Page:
Posture Health: Guide to Proper Desk Ergonomics
Do you have desk ergonomics? If not, then it might be time to rethink your desk setup. There are a number of different desk setups that will help you with desk ergonomics. For example, a standing desk is a great option for people who want to improve their desk ergonomics and avoid slouching while they work.
We have compiled all the information on desk ergonomics in this guide so that you can find out what works best for your needs.
How you use your time at work is crucial to your health, particularly if you are an American who works 47 hours per week on average. Tennis elbow (inflammation of a tendon in the elbow) and carpal tunnel syndrome (a disease of the hand and wrist) can be prevented by employing correct workplace ergonomics.
To reduce your risk of back and neck discomfort as well as all associated issues related to lengthy periods of sitting, have a look at this guide, where we go through correct ergonomics for sitting and standing.
- Find the height that is most comfortable for you when standing. Don’t strain your back, wrists, or elbows by using the wrong height.
- The keyboard should be close to the body, positioned between hip-level and chest height, with the hands at or slightly below elbow height. This implies that the tabletop must be approximately hip level or lower. With a desk that has a distinct keyboard tray, this may be easier to achieve.
- Wrist position should be 170 degrees. The wrists should not be less than 170 degrees (also known as “claw hands,” which causes wrist strain).
- The proper distance between the eyes and the screen is roughly equal to or smaller than the size of the screen. So, if you have a 17-inch computer monitor, your face should be 17 inches from it. The display should be tilted 20 degrees backward.
- Your shoulders should be straight, not rounded forward.
- The head should be pushed back over the spine so that your ears would line up over your shoulders if someone looked at you from the side.
- A sturdy support might be placed on the floor for one foot. The ideal height for this footrest is 10% of your height. You should not hold any one posture for a long time while standing. You can also shift your weight from one leg to another, stretch, dance, do yoga poses, squat, perform calf raises and the like.
- No high heels and a comfy pair of shoes are required. Orthotics should be used by orthotic wearers.
- A desk is not only a workstation but also a place to place objects that you use the most frequently. Objects that you utilize less frequently should be the furthest from you.
- The mouse should be positioned near to the keyboard.
- A comfortable standing desk mat will assist to decrease tiredness.
- Use a leaning seat that makes a 135-degree angle between your trunk and legs. With this choice, you’ll want to have a footrest to keep your ankle at a 90-degree angle, or use a seat with a rounded bottom section that will retain the feet in the proper posture.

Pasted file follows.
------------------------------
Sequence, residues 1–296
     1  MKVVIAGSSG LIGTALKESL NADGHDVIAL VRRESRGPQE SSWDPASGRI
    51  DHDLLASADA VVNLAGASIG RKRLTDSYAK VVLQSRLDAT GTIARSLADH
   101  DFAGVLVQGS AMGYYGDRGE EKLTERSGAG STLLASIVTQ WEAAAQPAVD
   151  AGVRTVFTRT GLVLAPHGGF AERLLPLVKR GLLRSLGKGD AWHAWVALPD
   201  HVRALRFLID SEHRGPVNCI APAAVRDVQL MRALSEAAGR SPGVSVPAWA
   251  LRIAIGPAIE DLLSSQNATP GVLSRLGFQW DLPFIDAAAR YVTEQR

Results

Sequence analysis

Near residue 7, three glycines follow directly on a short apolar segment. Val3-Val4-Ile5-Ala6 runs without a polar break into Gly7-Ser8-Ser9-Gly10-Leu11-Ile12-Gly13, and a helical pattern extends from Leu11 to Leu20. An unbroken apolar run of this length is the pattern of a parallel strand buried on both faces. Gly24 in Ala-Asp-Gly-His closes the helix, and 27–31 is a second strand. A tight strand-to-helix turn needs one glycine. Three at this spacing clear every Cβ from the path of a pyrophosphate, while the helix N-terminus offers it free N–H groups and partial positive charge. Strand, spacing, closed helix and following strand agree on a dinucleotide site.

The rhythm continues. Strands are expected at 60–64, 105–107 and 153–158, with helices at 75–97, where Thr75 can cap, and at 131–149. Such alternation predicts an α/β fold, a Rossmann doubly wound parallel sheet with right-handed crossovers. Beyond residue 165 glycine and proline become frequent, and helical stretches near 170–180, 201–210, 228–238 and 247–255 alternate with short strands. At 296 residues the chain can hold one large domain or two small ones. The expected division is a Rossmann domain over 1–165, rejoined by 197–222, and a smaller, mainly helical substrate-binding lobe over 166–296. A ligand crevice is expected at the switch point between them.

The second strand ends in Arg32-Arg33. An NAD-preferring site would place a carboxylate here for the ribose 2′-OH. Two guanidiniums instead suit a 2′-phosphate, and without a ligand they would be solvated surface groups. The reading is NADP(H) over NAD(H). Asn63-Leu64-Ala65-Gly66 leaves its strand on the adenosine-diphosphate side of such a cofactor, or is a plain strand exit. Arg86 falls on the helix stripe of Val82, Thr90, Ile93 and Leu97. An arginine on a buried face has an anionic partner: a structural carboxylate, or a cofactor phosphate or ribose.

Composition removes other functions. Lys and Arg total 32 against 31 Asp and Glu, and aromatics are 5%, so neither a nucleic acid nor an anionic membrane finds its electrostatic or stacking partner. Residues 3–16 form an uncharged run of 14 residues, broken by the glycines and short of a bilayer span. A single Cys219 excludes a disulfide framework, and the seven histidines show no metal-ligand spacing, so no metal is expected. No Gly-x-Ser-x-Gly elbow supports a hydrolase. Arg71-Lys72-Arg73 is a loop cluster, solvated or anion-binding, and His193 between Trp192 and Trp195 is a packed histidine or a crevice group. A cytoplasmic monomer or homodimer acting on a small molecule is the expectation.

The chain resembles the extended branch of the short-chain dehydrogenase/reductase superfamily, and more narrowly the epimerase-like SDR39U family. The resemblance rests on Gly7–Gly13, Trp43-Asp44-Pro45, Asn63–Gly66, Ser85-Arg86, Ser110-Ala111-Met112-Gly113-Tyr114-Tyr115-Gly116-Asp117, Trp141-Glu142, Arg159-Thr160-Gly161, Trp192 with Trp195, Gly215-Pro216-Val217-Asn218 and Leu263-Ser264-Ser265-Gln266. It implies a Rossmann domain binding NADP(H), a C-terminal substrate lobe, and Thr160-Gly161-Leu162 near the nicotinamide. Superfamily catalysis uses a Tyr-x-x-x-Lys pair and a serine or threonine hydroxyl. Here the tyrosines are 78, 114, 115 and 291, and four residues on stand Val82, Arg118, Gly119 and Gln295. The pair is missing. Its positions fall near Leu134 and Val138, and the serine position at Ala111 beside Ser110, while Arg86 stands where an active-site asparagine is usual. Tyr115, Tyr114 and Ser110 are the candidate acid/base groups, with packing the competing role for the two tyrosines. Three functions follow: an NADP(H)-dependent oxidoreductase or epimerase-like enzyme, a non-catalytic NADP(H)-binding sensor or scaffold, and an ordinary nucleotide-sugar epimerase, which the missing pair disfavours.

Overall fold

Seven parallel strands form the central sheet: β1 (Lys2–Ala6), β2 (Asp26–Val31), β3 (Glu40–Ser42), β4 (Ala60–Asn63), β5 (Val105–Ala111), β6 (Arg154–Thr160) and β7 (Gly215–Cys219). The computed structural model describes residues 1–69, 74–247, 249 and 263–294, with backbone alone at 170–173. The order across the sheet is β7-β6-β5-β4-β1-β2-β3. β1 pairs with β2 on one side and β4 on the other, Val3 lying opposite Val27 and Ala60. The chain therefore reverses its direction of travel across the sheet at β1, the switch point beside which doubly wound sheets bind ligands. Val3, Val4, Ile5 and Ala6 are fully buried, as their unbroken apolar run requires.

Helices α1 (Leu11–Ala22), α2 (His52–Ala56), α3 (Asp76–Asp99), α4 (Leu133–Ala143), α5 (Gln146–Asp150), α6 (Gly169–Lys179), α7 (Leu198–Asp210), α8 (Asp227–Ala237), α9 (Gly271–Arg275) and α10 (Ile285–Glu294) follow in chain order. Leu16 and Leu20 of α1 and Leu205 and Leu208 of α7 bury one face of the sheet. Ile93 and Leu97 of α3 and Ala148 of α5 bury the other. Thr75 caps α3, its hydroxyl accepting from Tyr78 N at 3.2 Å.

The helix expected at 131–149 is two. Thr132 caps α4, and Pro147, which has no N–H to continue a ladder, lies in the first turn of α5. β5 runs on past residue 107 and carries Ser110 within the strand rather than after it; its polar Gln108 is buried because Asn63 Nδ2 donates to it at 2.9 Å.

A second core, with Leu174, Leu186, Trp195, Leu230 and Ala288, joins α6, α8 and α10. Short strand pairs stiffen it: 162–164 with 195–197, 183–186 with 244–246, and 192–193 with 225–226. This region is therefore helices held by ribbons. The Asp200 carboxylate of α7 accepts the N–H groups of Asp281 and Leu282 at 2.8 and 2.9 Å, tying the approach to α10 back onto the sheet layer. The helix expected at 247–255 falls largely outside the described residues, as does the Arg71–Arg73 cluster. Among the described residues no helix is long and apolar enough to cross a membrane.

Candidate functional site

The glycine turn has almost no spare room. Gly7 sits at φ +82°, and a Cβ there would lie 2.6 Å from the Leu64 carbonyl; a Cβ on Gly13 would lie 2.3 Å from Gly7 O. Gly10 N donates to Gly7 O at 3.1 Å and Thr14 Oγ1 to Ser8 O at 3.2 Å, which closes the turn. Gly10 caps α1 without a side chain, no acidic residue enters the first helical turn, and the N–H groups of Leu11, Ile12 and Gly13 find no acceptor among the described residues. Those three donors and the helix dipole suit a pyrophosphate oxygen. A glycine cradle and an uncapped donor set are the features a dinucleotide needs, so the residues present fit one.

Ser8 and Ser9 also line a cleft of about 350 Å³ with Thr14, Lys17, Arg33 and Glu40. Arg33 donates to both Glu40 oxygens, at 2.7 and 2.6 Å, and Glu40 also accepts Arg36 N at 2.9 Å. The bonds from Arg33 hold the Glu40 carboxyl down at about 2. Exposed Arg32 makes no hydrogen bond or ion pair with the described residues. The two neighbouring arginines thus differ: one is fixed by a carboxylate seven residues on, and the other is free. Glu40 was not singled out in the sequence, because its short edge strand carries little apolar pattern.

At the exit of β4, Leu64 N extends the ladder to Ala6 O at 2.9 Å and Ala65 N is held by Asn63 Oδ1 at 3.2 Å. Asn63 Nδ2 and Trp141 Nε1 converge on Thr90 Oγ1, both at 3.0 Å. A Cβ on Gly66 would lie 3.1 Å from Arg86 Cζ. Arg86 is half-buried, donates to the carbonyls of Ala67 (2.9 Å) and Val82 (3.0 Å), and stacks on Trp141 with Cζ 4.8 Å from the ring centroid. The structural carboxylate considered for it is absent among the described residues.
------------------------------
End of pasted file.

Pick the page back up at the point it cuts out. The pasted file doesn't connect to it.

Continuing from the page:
- Elbows should be positioned at a 90-degree angle.
- Knees are positioned at a 90-degree angle.
- Torso is typically 90-100 degrees to the thighs.
- It’s also important to have the display at eye level and for the distance between the eyes and the screen to be roughly equivalent. So if you’re using a 17-inch monitor, your face should be 17 inches from it. For better viewing, turn the screen 20 degrees backward.
- Your chair should have optional-back support for lower-back comfort.
- Put your feet flat on the floor or rest them on a footrest.
- The most frequently used items should be within your reach. The farthest from you should be things that you use less often.
- The mouse should be close to the keyboard.
- Kneeling on one knee with your other leg in front of you, foot flat and knee bent at 90 degrees, is referred to as “half-kneeling.” It can be a significant change in postural position that enhances stability and core strength while maintaining good upper body ergonomics at a seated workstation by utilizing a cushion, rolled up towel or a mat.
- Optional – For lower back support in a chair. To keep your low back’s natural curve, enhance the lumbar support on your chair to a comfortable level. If you don’t have lumbar support or there isn’t enough, you can use a rolled-up towel.
Proper ergonomics at work can help reduce back and neck pain as well as make you more productive. You might not realize it, but the way your workplace is set up may be causing injury-inducing stress on your body. That desk you’re sitting at could be the culprit.
Tiredness and discomfort can be relieved by swapping out your desk for a standing desk or using an anti-fatigue mat to stand on while working. You would also want to utilize a leaning seat that makes a 135 degree angle between your trunk and legs, which will cause tension in the hip and hamstring muscles.